8. What English skills do you think technology can help you with?
  9. Would you like to do homework, or communicate with your class, on the train home?
  10. Do you study English outside of class with other students?  If so, do you use any technology to do this?
  11. Is there anything you want to do with technology and learning English, but can’t?

If you’d like to point us all in the direction of someone who has done this, then let us know below.  If you’d like to add or alter a question, do so below or via Twitter at #ELTyak.  Finally, if you’d like to join in the discussion with your class, then they can fire off a tweet to #ELTyak.

Featured Photo Credit: peddhapati via Compfight cc. Text added by ELTjam.

15 thoughts on “It’s time we talked: an invitation to you and your students”

  1. Lindsay,

    Thanks for this. Both my colleague Nicky Hockly and I have regularly carried out this kind of research (not the Mitra-related stuff, but the rest of it) – in small class groups of teachers and learners, and in large-scale projects in various countries – and I suspect many other have too. I’m not sure it’s that unusual…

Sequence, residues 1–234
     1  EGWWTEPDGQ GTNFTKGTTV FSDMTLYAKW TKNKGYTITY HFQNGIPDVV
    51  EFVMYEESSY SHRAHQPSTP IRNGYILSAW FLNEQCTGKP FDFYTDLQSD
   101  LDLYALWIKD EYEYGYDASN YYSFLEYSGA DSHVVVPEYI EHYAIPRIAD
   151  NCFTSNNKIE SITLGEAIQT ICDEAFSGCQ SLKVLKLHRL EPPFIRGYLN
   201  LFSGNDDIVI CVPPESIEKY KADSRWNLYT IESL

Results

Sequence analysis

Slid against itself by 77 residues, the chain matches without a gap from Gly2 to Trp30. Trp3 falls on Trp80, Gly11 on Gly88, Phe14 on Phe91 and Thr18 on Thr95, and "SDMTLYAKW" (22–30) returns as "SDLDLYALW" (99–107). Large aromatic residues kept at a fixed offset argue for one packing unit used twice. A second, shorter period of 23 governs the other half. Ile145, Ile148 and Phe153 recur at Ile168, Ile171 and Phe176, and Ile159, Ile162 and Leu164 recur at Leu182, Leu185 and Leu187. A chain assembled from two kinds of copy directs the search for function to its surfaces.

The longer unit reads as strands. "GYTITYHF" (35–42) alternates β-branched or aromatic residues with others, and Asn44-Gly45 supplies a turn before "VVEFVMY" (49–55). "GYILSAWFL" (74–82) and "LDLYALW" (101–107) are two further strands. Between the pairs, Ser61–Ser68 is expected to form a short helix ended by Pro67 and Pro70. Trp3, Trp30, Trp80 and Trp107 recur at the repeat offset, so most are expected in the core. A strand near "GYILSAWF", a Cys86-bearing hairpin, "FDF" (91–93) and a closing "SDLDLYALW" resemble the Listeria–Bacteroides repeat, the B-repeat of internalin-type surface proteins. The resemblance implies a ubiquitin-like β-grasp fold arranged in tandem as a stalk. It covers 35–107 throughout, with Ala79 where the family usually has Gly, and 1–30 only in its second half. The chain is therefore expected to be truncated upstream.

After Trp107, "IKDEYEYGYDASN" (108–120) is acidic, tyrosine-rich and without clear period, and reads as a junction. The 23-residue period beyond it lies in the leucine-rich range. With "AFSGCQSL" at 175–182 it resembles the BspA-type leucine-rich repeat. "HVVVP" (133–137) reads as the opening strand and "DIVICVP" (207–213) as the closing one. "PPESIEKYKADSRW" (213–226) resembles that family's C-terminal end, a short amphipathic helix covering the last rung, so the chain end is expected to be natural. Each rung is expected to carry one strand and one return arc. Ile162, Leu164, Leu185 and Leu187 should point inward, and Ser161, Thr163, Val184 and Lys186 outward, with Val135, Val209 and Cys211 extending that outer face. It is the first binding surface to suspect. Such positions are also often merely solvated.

I’d just note that watching people engaging with online content such as that produced by Duolingo may be interesting, but I’m not sure it sheds much light on learner preferences for tech/non-tech approaches, or produces much useful data for the more common classroom practice….


      • Lindsay,

        Unfortunately the work is either:

        a) commissioned work which is now owned by the person or group commissioning it. The work in this area has been done for organisations such as the British Council, MoEs in various countries, etc., and has usually been used to inform either expenditure on infrastructure, curriculum development or software / app design or as a way of guiding projects in the area

        b) anecdotal work done with specific groups of either teachers or learners to guide and develop curriculum for short or long-term courses. As such, it’s largely lost in the mists of time because they were all discussions for a specific purpose.